Pervading the Court’s analysis is the ominous image of a “categorical ba[n]” on corporate speech. Ante , at 45. Indeed, the majority invokes the specter of a “ban” on nearly every page of its opinion. Ante, at 1, 4, 7, 10, 11, 12, 13, 16, 20, 21, 22, 23, 26, 27, 28, 29, 30, 31, 33, 35, 38, 40, 42, 45, 46, 47, 49, 54, 56. This characterization is highly misleading, and needs to be corrected.

    Michael may now have his blog back. (But everyone do read it including Roberts’ whining “WE DUZ TOO HAZ PROCESS!” rejoinder to Stevens and Scalia’s pathetic attempt to keep his “Originalist” bona fides intact while sneering at corporation-hating. Thomas’s** contribution is not even worthy of being mentioned.)

    **And fuck all these last names that end in ‘s’. Strunk and White can piss up a rope; I do it by ear.

    Posted by  on  01/29  at  10:48 AM
  11. I thought the SOTU was terribly bad, and signals a change in the likelihood of various political outcomes.  More at my blog if anyone cares.

    Posted by Rich Puchalsky  on  01/29  at  10:59 AM
  12. I thought the SOTU was terribly bad, and signals a change in the likelihood of various political outcomes.

    Not to disparage your incisive blog commentary in any way, but the signals were already apparent before Wednesday night.  Oh, herding recalcitrant senators on health care, stimulus, climate change, etc., is just too difficult: separation of powers, don’t you know ... What’s that?  Opposition to Bernanke’s renomination is building?  Time to start twisting arms to make sure he gets through.  Congress declined to create an entitlement destruction panel?  We’ll toy with creating an alternative via executive order, a process we could use to get around Congressional foot-dragging on DADT, but then Republicans would become angry with us.

    And this was the best possible outcome from November ‘08.  Once enough of the populist anger gets harnessed by the right demagogue, we’re into either Gracchi or Julius Caesar territory*, depending on just how depressed I’m feeling.

    *I figured I needed to come up with a more obscure, and hence comforting, variation on the Lex Godwinus.

    Posted by  on  01/29  at  12:11 PM
  13. I thought the SOTU was great rhetorically, but brilliant speeches only get you so far obviously.

    It was disappointing that the Republican leadership gagged and tied Joe Wilson.

    They’ll pass another jobs bill and health care reform. November will be bad but not too bad. And then we’ll see what happens.

    Chris Matthews is funny b/c he has no internal censor in his brain. He says immediately what pops into his mind, like Joe Biden.

    Posted by Peter K.  on  01/29  at  12:28 PM
  14. Roberts’ whining “WE DUZ TOO HAZ PROCESS!” rejoinder to Stevens

    But that kitty is very cute, with its little eyes tightly closed and its little mouth wide open.

    Posted by  on  01/29  at  12:51 PM
  15. You’re right, mds, the signals were apparent long before.  But it was still possible that Obama might respond to events and change.  Now it increasingly isn’t.  Or rather, there were two narratives about Obama from the beginning.  And now one of them has pretty much been excluded.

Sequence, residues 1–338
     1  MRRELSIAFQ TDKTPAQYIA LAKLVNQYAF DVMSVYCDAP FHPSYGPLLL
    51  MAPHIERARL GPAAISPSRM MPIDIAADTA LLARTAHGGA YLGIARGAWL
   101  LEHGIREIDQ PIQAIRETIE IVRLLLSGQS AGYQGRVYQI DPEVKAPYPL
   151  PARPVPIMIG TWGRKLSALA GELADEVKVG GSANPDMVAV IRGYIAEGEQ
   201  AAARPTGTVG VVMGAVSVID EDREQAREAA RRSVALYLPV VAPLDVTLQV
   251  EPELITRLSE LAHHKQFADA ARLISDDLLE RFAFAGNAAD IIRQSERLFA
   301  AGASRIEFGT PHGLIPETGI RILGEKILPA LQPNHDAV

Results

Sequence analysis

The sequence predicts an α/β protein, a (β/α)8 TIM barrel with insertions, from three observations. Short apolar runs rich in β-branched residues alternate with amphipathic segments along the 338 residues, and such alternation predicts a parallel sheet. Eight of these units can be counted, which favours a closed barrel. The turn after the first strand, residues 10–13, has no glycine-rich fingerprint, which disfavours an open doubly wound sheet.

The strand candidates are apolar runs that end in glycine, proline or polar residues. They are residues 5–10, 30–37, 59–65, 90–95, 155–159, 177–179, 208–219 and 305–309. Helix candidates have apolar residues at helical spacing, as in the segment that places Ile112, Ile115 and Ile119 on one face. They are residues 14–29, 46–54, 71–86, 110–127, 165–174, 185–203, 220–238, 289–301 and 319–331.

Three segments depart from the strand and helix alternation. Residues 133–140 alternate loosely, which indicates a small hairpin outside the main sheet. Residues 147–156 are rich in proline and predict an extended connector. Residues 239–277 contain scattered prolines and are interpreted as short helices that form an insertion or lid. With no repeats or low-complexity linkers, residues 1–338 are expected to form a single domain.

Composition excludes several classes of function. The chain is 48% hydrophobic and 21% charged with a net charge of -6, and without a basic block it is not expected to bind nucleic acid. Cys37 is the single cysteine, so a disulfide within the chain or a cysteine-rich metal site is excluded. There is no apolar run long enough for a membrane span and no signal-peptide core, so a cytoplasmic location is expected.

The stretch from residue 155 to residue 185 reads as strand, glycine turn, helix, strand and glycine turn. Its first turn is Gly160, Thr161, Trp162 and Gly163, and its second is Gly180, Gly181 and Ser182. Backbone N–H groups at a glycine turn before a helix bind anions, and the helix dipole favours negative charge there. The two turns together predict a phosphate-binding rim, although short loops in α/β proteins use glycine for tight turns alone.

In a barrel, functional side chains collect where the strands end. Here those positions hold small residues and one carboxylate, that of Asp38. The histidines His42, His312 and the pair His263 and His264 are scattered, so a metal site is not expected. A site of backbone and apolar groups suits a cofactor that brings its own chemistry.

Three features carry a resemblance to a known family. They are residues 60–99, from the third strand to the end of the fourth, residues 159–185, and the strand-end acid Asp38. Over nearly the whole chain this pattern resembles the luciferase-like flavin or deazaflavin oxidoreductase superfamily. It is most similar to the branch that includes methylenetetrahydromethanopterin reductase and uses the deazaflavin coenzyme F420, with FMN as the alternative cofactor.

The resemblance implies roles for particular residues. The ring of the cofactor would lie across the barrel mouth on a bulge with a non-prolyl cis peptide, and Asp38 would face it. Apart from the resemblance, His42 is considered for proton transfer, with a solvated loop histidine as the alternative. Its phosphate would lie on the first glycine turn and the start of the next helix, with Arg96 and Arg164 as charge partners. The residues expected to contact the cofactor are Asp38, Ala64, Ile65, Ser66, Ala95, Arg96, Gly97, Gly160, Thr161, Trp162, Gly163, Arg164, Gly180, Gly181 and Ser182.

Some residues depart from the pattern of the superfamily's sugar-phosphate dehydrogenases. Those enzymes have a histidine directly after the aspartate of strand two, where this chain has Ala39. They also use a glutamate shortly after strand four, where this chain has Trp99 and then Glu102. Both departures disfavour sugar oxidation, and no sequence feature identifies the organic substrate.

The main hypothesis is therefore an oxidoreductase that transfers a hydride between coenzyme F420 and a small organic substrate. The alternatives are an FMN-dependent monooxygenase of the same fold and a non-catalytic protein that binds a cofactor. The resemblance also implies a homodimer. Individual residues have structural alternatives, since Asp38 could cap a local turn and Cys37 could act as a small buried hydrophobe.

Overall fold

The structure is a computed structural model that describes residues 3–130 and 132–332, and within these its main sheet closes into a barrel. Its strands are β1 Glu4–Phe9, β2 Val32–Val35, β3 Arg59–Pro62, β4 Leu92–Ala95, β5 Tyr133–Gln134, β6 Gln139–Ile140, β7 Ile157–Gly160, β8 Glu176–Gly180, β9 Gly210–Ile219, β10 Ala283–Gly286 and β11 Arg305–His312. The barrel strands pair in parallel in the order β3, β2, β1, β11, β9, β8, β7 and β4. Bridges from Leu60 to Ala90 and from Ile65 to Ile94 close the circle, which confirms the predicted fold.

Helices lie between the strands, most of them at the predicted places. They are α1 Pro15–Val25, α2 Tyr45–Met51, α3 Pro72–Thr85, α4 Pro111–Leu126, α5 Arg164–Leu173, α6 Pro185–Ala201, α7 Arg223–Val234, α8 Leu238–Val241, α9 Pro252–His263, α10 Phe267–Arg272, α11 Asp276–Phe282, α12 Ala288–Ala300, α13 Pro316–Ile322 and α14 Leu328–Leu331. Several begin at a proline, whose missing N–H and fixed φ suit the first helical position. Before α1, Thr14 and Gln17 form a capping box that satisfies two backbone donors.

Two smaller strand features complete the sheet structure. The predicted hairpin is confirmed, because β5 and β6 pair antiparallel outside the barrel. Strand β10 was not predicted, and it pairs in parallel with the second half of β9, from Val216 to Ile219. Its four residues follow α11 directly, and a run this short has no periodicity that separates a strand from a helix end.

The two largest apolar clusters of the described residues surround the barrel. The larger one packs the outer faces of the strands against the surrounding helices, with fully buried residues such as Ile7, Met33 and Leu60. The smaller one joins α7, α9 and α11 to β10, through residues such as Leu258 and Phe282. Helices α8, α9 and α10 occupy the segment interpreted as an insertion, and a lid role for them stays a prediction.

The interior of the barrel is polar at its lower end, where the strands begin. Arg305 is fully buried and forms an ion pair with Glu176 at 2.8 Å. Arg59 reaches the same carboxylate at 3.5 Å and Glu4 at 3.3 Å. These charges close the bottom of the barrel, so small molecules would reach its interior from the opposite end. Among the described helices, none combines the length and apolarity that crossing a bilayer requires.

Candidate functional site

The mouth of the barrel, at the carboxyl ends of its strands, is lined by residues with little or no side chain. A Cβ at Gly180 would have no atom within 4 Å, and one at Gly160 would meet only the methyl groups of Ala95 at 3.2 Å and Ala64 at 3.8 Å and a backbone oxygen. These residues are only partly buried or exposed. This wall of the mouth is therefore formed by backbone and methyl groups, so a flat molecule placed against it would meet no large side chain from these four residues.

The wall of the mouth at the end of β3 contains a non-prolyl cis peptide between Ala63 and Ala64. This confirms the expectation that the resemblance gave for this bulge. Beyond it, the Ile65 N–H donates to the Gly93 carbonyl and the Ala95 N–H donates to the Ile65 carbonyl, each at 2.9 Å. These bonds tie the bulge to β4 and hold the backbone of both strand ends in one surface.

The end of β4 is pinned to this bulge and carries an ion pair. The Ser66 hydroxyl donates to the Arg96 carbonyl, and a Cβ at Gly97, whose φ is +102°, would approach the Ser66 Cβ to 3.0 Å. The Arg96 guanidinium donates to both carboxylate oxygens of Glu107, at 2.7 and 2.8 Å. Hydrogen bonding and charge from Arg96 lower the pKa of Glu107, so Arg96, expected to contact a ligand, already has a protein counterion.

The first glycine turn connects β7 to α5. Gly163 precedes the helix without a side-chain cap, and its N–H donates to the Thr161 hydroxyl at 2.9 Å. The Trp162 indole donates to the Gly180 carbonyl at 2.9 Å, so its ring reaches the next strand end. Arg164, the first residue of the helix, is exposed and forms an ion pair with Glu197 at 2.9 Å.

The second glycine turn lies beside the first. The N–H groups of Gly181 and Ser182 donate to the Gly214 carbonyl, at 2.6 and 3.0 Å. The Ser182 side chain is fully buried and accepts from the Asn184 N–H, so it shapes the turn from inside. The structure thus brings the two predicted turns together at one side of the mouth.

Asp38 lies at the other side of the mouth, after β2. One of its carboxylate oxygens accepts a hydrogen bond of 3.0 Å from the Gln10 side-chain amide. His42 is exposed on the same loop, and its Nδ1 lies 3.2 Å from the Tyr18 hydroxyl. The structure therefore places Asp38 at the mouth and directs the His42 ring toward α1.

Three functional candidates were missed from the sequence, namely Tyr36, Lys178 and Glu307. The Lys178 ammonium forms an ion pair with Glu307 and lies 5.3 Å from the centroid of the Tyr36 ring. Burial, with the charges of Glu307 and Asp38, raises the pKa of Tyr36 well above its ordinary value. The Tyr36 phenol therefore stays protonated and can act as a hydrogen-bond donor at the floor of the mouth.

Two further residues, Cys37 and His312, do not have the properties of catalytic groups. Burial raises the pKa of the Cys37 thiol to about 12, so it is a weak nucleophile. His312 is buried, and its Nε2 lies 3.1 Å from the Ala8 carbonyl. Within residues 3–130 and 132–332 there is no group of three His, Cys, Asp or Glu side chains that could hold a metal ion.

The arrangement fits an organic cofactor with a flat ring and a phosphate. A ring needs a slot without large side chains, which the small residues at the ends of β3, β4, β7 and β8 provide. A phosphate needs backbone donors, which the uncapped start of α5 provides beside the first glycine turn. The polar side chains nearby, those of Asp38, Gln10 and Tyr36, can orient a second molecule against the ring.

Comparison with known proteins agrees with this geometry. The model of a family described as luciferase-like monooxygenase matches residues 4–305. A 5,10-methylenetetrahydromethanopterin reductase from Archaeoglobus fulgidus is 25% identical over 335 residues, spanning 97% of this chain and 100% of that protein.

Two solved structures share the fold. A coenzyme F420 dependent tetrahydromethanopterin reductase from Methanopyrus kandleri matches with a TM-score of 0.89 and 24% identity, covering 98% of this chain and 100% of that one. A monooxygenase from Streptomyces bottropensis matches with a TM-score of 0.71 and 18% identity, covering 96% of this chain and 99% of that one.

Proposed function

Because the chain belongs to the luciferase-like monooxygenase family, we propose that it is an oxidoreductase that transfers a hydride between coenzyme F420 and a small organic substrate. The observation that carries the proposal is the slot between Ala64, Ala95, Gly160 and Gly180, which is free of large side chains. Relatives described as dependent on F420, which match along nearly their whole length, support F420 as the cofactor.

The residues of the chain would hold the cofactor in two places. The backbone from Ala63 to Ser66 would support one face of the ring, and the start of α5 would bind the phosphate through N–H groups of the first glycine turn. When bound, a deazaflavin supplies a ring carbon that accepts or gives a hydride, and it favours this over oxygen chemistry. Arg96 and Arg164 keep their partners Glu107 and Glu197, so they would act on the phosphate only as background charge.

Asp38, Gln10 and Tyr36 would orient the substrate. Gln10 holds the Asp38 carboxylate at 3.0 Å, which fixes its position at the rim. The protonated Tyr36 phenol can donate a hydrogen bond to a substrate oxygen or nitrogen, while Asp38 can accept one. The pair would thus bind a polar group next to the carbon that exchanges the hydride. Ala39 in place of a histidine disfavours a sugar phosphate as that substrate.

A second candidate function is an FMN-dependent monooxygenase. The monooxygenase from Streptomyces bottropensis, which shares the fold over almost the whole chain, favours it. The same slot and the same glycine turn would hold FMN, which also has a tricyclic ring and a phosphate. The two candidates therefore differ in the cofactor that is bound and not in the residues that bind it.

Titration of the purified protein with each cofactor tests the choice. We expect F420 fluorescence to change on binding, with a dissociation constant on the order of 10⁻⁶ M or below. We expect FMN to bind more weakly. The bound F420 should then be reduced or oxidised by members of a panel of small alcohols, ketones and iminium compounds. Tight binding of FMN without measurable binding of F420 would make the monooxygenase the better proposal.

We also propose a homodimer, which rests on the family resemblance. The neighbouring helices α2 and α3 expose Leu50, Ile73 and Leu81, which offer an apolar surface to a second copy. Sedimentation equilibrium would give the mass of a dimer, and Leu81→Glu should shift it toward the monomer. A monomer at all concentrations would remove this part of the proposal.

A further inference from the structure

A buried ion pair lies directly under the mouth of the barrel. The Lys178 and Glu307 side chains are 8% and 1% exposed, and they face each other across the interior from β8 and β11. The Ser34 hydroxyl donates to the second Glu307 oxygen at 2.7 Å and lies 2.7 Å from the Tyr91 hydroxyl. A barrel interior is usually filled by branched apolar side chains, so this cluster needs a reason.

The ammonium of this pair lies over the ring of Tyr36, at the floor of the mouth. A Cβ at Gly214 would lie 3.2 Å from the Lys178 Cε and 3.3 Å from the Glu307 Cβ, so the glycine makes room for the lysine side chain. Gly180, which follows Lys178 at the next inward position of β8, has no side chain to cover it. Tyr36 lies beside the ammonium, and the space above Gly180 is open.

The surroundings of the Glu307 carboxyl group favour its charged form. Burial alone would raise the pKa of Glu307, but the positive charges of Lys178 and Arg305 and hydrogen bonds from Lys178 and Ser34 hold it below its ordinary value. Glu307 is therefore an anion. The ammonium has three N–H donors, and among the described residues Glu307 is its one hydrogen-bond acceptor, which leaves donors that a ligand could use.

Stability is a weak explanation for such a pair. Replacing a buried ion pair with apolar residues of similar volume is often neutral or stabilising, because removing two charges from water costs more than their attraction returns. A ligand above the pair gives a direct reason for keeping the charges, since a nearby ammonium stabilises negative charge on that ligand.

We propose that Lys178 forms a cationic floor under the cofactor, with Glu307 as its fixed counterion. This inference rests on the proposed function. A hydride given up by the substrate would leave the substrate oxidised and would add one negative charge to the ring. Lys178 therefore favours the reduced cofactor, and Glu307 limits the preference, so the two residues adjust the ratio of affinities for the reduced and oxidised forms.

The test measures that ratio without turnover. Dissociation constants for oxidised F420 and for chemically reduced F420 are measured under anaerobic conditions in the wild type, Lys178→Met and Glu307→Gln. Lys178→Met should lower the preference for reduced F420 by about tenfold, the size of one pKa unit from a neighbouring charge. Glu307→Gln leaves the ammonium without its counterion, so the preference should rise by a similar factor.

Posted by Rich Puchalsky  on  01/29  at  01:02 PM
  16. "You’re right, mds, the signals were apparent long before.  But it was still possible that Obama might respond to events and change.  Now it increasingly isn’t.  Or rather, there were two narratives about Obama from the beginning.  And now one of them has pretty much been excluded.”

    I just disgree. It’s amazing to me how some liberals believe Obama can just snap his fingers and make thinks happen like a Hugo Chavez of Vlad Putin. And then they completely ignore what he has done and the rhetorical narrative he’s pushing from the bullypulpit. Talk about high standards.

    My baseline is Bill Clinton’s 8 years so I’ve set the bar low, but still.

    Posted by Peter K.  on  01/29  at  01:23 PM
  17. Oh, are we being all serious now? OK, fine.

    It’s probably no surprise that I found Matthews’ comment neither funny “ha ha” nor “funny” in any other sort of way. It was simply a reveal moment for White people to reflect, if they choose, on just how deeply ingrained their belief is that only White people are regular people, and non-Whites, especially if they are Black, are not. We are still very much other. And in those fleeting moments when White people accept us “same” and not “other”, we are supposed to be happy for the compliment.

    I don’t really care how the Right wing spins these kinds of incidents, we all know what their deal is. What’s really maddening is seeing the dismissive attitude and comments from White folks on the “left” side (comment sections in liberal blogs, to be specific). It never even occurs to them that when they proclaim, “This is no big deal”, or “You’re making too big a thing out of this”, it’s nothing more than telling Black folks to just STFU. They are so blissfully (and obliviously) steeped in their White privilege, it doesn’t even occur to them that they don’t get to be The Decider on what ought or ought not be offensive to Black people. Because of course they get to be The Decider. They always get to be The Decider.

    Posted by  on  01/29  at  02:34 PM
  18. Because I used to be a Democrat but ever since Lindsey Graham made Mrs. Alito cry I’m outraged that Thurgood Marshall said:

    “the government they devised was defective from the start, requiring several amendments, a civil war, and major social transformations to attain the system of constitutional government and its respect for the freedoms and individual rights, we hold as fundamental today.”